Who is responsible for physician burnout?

[singlepic id=190 w=160 h=120 float=center] I went to medical school and know something about what it’s like to work in clinical environments. I’ve recently started reading blogs and articles about “physician burnout” and I can’t help but notice that there’s a lot of blame being placed on “the system”.

Doesn’t this kind of storytelling just reinforce that physicians are victims? I’d like to see physicians adopt a way of thinking that will enable each of them to create the desired changes in their own lifestyles, levels of satisfaction, and ultimately patient care.

In 2001, I made the choice to graduate from medical school but not pursue a residency. I benefited countless patients by making this decision. The key realization I made as a third-year medical student on my Vascular Surgery rotation, was, “I don’t have to do a residency.” So much of my suffering up until that point was based on the single erroneous thought, “I have to do a residency!” I also thought, “I don’t want to live this way! But I have to! These are my only choices!”

Well, none of those thoughts was true.

After graduating from medical school without a job, I ended up starting as an unpaid intern at a venture capital firm, getting hired six weeks later, and eventually getting promoted to partner. I then moved to California to follow my dream of creating my own violin school, and now am a life coach, helping people untangle their minds from the kinds of thoughts that lead to feelings of helplessness, burnout, and stress.

I’ve also lived through burnout myself. As a violin teacher, I acted like I had been trained to do as a “caring” professional. I invested heavily in each student’s outcome, identifying very closely their success with my own sense of competence, self-worth, and professional identity. At the end of each day, the only thing I had energy left to do was to tell stories of all the people who I believed were “not responding” to the intense efforts I had put in, only to get up the next morning and do it again. I saw myself as a victim of other people, and I had no knowledge of self-care. And this, my friends, was supposedly me “following my dream”!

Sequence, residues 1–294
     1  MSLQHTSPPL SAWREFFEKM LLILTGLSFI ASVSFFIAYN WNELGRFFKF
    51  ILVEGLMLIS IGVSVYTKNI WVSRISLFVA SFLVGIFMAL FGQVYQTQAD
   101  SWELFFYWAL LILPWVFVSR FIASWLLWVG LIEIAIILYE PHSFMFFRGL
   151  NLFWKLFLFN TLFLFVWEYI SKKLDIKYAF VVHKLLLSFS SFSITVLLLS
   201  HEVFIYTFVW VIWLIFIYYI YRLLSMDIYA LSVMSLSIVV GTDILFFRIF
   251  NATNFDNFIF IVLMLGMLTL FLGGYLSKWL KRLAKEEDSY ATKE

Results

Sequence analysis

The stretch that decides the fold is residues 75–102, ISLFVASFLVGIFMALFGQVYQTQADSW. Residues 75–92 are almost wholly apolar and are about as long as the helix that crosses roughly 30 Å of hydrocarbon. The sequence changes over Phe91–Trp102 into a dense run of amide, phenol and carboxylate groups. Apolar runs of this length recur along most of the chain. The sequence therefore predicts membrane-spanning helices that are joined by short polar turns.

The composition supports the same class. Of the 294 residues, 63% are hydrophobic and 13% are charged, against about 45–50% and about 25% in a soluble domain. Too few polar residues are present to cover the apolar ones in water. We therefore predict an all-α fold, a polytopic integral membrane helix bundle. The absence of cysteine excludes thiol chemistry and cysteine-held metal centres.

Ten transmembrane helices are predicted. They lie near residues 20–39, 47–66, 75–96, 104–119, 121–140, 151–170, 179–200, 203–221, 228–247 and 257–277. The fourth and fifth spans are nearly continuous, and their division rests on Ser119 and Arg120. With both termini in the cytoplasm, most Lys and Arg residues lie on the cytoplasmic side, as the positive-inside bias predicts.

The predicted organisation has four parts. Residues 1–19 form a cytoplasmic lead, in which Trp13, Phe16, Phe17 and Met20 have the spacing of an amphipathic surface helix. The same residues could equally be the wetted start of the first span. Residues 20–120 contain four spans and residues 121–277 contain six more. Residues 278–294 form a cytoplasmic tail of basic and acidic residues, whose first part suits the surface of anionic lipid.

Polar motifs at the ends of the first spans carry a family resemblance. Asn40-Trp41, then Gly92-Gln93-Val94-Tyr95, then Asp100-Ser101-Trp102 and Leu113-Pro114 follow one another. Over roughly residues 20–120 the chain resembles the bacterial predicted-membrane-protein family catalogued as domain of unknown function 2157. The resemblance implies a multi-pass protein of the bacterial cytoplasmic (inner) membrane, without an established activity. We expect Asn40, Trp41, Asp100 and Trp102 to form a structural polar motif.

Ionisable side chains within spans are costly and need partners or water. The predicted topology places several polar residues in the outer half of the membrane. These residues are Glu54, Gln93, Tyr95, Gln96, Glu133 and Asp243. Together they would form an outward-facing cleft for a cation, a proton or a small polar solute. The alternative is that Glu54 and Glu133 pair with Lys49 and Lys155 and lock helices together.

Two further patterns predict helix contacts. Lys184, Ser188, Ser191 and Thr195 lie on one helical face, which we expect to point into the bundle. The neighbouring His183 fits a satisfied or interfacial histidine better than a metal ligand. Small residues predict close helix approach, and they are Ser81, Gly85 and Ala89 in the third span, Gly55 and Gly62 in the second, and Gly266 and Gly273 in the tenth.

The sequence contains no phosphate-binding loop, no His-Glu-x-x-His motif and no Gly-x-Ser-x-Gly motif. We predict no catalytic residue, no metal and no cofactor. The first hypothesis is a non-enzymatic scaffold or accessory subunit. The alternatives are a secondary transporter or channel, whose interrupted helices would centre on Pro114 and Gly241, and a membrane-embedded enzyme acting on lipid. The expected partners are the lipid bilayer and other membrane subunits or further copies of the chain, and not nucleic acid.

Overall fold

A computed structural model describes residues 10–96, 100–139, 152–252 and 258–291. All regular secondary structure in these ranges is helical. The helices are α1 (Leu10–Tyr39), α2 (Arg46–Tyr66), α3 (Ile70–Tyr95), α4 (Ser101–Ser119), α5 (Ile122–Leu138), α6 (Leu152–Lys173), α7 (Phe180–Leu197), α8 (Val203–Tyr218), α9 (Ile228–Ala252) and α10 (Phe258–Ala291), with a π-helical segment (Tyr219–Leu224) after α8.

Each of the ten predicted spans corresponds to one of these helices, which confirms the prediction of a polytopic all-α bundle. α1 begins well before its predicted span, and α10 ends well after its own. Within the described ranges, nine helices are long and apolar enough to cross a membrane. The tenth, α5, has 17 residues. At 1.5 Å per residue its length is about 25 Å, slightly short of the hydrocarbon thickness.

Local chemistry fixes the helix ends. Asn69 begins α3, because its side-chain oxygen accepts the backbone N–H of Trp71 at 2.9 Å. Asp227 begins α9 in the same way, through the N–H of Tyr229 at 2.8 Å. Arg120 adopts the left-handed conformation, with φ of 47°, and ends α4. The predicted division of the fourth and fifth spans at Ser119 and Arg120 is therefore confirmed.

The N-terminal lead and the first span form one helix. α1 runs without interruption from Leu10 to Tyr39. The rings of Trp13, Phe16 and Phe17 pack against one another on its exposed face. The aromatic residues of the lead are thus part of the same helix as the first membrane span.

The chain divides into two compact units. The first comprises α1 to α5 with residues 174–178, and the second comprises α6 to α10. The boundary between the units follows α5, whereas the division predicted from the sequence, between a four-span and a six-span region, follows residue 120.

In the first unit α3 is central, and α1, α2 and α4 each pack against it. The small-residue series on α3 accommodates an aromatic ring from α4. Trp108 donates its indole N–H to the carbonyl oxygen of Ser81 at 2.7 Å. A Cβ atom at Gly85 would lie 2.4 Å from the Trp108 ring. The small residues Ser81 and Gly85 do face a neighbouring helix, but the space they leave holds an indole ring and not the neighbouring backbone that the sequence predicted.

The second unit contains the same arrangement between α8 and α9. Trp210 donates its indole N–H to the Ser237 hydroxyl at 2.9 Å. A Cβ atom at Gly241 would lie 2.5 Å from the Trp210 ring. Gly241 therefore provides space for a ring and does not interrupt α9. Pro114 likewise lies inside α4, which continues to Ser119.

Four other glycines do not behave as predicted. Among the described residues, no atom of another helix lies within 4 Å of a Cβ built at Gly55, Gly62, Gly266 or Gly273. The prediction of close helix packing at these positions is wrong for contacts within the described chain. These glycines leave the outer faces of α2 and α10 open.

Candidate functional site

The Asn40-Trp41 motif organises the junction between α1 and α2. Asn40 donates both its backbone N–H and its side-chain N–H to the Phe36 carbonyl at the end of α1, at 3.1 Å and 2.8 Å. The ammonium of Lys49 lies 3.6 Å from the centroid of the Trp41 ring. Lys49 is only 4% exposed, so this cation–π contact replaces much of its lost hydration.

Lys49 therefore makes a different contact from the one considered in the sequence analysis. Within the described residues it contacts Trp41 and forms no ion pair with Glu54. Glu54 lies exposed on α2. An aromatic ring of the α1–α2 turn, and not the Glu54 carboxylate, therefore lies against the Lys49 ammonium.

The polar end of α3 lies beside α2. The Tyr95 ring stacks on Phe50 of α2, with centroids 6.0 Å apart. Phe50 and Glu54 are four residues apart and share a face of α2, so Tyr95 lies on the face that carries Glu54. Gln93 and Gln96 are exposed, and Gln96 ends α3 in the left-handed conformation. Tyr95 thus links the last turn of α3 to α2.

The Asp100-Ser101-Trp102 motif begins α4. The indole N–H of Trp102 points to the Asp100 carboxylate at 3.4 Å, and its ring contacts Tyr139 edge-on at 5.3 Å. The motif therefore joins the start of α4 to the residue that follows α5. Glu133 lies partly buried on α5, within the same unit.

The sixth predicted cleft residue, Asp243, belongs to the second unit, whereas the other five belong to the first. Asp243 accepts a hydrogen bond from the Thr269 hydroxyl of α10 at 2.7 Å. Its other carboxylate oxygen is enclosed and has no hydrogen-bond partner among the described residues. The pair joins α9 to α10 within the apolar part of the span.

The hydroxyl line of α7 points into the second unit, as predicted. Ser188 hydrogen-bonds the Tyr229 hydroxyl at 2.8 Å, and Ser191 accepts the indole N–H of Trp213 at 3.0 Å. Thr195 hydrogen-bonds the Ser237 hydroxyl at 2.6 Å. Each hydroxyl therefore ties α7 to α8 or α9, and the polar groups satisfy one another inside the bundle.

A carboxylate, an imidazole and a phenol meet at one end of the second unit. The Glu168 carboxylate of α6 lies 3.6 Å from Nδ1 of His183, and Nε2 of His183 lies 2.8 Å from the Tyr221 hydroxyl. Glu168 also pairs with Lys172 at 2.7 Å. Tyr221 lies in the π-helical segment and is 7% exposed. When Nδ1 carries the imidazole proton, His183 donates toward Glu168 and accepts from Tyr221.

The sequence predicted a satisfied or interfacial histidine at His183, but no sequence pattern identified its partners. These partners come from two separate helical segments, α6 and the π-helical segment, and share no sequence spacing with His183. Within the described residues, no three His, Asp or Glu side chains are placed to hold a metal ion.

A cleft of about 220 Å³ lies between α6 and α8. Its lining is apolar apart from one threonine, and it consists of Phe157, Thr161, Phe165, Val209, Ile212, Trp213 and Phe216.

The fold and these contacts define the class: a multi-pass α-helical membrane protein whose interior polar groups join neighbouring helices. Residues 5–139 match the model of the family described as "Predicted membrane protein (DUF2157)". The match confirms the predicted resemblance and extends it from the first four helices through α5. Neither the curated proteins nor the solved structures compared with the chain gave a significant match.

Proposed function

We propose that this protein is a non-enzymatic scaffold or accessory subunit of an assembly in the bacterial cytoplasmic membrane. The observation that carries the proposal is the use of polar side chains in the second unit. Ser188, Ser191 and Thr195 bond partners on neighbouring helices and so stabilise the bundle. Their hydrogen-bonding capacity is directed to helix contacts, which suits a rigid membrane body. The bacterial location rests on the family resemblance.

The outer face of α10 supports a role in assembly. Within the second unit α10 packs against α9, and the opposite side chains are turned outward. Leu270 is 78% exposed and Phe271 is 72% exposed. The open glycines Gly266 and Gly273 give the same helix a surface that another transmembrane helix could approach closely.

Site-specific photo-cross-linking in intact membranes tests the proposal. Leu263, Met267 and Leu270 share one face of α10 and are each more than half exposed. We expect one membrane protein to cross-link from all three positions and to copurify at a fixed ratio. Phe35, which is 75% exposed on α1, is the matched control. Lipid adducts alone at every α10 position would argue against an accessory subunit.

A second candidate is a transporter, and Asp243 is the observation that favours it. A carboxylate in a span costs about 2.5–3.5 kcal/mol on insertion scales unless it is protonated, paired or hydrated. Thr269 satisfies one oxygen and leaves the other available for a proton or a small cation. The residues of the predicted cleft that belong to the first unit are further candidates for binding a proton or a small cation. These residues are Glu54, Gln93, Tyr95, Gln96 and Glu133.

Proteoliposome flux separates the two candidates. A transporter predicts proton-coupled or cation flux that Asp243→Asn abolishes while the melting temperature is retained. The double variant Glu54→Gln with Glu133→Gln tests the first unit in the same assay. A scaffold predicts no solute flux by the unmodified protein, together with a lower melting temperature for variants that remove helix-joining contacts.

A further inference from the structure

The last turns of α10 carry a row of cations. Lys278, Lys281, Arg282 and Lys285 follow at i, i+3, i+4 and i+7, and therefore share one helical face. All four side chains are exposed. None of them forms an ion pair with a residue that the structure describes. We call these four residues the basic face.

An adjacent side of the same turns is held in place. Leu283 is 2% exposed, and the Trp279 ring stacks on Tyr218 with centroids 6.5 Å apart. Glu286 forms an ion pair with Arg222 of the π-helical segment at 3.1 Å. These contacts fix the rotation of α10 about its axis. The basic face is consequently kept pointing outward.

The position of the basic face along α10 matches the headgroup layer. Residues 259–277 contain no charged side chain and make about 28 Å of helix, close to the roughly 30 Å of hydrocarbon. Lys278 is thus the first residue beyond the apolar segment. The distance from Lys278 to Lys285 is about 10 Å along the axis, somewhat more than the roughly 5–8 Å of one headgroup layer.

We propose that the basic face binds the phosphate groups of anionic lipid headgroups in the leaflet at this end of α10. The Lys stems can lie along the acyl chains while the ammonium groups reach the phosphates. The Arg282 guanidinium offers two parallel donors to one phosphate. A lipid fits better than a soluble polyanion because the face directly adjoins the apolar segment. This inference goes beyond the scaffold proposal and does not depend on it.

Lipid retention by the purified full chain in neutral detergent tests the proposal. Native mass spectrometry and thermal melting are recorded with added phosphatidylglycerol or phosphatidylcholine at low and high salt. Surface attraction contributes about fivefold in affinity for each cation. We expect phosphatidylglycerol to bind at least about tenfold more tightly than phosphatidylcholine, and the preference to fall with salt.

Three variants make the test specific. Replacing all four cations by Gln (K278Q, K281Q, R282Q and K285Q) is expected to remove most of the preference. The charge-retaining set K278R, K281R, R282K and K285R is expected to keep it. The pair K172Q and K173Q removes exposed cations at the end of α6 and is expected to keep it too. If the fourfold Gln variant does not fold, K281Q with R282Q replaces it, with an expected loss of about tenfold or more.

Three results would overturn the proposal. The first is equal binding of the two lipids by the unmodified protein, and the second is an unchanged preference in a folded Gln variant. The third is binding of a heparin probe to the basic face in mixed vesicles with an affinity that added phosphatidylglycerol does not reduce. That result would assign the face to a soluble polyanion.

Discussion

It was my body that finally gave me the gift of forcing me to slow down. What began as mild neck and shoulder pain escalated to debilitating back pain. Thankfully, I listened.  This was not part of my dream. And it made me look at my life with new eyes.

Over a period of a year, I regained my own sense of well-being, joy, and clarity, through a gradual process of deep self-care, self-reflection, and pursuing three formal training programs as a healer and coach. I learned that our thoughts create our reality. No circumstance – no matter how unbearable it seems – can ever be the cause of our burnout or suffering. It is our thoughts about the circumstance that create our suffering.

The theme of my story is that I didn’t look to a system to reform.

I found a way to reform myself, by listening to my body and seeking training from people who were already exemplifying the qualities of life I wanted. I pieced these together, and I pursued them proactively through a training process just as disciplined as any medical residency. The difference was, I was training myself to be who I wanted to be.

Thanks to this process, I now have a new career AND most importantly a new way of life that I know I am responsible for creating every day, through practice and continued learning. I am able to support people through a process of discovering how their own thoughts are the creators of both endless suffering AND limitless joy.

You get to choose.

Now, I’m no longer attached to stories of blame, rantings about the economy, or lack of options. I know now that freedom is available inside each and every one of us.

It is just one thought away.

Photo Credit (used under a Creative Commons license): Brendan Adkins